BigNazik/iStock/Getty Images Plus
Report: Big Tech Caught Tilting the Scales for Biden; Changed Outcome of 2020 Election
A recent report affirms what many have suspected — and anecdotal evidence has suggested — over the past two years: Big Tech has been placing its thumb on the political scales. The report comes from the Media Research Center (MRC), which says that through its CensorTrack database, it found over 640 cases of Big Tech platforms intervening on Biden’s behalf.
“Big Tech’s campaign to protect President Joe Biden and his agenda has continued unabated,” according to the report, which lists “more than 640 examples of bans, deleted content and other speech restrictions placed on those who criticized Biden on social media over the past two years.”
Of the 646 examples listed, many of those were “cases of Big Tech censoring people over the New York Post’s bombshell Hunter Biden story in late 2020.” In all, MRC/Free Speech America found 140 cases of Big Tech silencing mentions of the Post’s explosive story of Hunter Biden’s corrupt dealings in Ukraine, as shown in data discovered on his abandoned laptop. While that story — breaking just weeks before the 2020 election — would almost certainly have put Biden in a deservedly bad light, Big Tech made sure that would not happen.
The lengths to which Big Tech went to sway the election by killing the laptop story is beyond the pale. Twitter even placed a “warning label” on the GOP House Judiciary Committee’s website for linking to the laptop story. As the report explains:
The worst cases of censorship involved platforms targeting anyone who dared to speak about any subject related to the New York Post bombshell Hunter Biden story. The Post investigated Hunter Biden and the Biden family’s allegedly corrupt foreign business dealings. Big Tech’s cancellation of that story helped shift the 2020 election in Biden’s favor. Twitter locked the Post’s account for 17 days. In addition, Twitter slapped a “warning label” on the GOP House Judiciary Committee’s website for linking to the Post story.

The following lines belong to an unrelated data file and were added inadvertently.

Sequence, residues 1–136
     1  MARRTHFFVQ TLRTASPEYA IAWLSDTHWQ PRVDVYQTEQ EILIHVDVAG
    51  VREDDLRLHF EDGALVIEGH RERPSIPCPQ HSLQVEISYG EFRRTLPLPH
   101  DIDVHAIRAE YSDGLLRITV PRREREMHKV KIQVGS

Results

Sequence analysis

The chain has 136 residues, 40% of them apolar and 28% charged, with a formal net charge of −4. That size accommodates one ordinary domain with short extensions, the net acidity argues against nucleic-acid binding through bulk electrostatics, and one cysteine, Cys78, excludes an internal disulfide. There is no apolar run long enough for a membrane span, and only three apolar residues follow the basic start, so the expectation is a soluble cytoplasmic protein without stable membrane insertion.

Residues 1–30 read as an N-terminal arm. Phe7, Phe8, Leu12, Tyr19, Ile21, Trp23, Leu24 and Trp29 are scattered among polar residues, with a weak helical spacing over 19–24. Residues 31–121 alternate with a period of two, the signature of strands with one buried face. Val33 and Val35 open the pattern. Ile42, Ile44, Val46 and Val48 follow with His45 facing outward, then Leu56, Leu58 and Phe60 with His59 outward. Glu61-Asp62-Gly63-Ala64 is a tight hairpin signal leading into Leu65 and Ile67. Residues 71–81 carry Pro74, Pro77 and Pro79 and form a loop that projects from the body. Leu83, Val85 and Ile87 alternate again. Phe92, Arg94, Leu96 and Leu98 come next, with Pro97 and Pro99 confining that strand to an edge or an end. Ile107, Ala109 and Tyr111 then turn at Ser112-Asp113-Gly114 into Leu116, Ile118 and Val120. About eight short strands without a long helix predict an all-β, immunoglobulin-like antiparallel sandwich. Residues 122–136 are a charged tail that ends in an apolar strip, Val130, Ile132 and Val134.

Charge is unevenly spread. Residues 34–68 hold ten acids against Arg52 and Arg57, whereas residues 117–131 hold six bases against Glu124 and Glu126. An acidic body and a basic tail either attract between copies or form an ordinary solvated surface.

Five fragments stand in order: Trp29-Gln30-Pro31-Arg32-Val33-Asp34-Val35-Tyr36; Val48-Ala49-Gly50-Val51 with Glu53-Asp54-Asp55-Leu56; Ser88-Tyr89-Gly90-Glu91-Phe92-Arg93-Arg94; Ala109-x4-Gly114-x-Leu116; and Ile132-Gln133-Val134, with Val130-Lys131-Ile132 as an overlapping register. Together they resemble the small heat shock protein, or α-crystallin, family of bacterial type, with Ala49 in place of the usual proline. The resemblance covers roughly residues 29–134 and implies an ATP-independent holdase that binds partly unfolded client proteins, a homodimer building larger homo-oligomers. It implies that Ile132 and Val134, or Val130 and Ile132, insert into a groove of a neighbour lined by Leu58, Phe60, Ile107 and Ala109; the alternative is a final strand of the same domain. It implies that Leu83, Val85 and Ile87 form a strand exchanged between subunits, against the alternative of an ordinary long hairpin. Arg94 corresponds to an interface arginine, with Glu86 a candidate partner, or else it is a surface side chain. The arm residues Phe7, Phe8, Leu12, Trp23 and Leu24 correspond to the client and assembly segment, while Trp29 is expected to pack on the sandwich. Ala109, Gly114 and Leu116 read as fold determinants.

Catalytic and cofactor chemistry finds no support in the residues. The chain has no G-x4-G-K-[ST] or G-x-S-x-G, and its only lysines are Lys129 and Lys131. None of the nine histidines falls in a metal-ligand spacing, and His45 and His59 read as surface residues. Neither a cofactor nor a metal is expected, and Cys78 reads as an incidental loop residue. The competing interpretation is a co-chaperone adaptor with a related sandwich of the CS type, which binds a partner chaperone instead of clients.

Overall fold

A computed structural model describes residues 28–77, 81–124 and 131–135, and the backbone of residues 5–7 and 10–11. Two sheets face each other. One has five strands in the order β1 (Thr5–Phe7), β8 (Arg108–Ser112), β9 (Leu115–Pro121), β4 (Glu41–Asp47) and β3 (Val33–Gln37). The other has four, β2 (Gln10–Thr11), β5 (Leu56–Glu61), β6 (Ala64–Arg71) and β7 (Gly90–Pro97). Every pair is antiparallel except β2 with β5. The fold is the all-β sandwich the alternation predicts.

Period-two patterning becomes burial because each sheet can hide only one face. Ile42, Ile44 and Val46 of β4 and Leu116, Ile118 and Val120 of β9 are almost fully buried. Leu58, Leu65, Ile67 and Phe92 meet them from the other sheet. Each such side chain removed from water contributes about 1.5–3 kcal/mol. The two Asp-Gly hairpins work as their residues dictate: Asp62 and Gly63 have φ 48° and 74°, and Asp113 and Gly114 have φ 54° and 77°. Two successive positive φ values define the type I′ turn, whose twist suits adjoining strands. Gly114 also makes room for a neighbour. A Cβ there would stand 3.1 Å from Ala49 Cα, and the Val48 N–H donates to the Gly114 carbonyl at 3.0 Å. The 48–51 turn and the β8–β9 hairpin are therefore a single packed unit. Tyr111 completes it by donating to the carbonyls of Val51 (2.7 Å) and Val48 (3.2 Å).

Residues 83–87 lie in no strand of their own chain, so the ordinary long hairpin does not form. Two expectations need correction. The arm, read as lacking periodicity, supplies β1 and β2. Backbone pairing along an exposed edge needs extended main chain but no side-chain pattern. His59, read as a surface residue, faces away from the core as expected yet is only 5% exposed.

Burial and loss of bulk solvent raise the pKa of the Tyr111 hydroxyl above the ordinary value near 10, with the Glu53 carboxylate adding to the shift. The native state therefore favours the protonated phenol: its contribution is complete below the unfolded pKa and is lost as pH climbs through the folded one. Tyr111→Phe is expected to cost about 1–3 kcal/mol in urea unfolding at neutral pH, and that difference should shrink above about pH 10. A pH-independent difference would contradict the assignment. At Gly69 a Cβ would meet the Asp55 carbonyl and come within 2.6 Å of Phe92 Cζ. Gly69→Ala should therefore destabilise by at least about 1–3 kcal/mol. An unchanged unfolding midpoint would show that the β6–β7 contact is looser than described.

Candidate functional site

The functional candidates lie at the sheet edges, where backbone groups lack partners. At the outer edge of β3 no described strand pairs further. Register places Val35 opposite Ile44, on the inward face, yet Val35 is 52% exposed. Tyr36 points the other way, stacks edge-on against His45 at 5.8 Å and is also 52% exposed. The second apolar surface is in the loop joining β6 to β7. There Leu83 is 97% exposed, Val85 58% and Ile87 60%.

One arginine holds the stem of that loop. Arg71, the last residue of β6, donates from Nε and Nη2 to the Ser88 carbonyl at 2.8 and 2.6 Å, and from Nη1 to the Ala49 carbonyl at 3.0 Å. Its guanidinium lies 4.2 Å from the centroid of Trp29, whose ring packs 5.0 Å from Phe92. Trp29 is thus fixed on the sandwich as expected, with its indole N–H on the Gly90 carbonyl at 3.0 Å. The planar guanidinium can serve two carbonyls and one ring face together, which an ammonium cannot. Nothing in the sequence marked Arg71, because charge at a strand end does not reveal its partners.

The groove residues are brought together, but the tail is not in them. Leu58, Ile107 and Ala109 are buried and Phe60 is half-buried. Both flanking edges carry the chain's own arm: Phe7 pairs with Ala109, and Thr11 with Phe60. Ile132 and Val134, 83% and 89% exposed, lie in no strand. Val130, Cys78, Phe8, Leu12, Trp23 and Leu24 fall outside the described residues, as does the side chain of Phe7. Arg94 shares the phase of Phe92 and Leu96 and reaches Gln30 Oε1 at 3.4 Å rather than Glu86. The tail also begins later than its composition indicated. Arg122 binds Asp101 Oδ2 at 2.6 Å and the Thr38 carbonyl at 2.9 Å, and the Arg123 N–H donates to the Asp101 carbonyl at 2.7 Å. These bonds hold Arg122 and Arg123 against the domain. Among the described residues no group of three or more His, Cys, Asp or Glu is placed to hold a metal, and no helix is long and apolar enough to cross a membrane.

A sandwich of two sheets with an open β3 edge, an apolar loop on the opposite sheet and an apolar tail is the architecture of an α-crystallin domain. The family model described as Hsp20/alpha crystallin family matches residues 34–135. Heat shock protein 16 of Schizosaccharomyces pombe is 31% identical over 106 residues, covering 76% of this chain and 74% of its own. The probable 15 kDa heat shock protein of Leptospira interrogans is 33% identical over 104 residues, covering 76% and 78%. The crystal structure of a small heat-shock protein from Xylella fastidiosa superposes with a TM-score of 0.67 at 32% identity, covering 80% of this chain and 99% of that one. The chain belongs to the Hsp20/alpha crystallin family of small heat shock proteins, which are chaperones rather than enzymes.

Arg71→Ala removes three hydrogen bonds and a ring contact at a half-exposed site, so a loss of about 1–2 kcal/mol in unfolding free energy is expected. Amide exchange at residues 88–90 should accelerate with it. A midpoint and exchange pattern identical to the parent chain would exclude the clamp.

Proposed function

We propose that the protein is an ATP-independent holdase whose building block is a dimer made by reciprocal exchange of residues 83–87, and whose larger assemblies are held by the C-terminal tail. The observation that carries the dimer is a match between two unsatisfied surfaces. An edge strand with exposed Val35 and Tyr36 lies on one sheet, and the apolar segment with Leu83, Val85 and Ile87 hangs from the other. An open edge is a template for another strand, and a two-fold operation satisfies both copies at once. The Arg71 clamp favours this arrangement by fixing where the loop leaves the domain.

But the lion’s share of the cases were of Big Tech protecting Biden from reports of his own creepy behavior around women and children. And Big Tech platforms bent the meaning of their own rules to the breaking point to block such posts. As the report states:
But the largest category by far included users who dared to call out Biden’s notoriously creepy, touchy-feely behavior around women and children. The 232 cases of comedic memes, videos, or generic posts about Biden’s conduct composed more than one-third of CensorTrack’s total instances of users censored for criticizing the president.
In one case, a user reported that Facebook deleted a post that showed three photos of Biden kissing what is reportedly his granddaughter on the lips. It followed with a caption that said: “Find someone who kisses you the way Joe Biden kisses his granddaughter.” Snapshots indicated that Facebook claimed the post violated its community standards on “nudity or sexual activity.”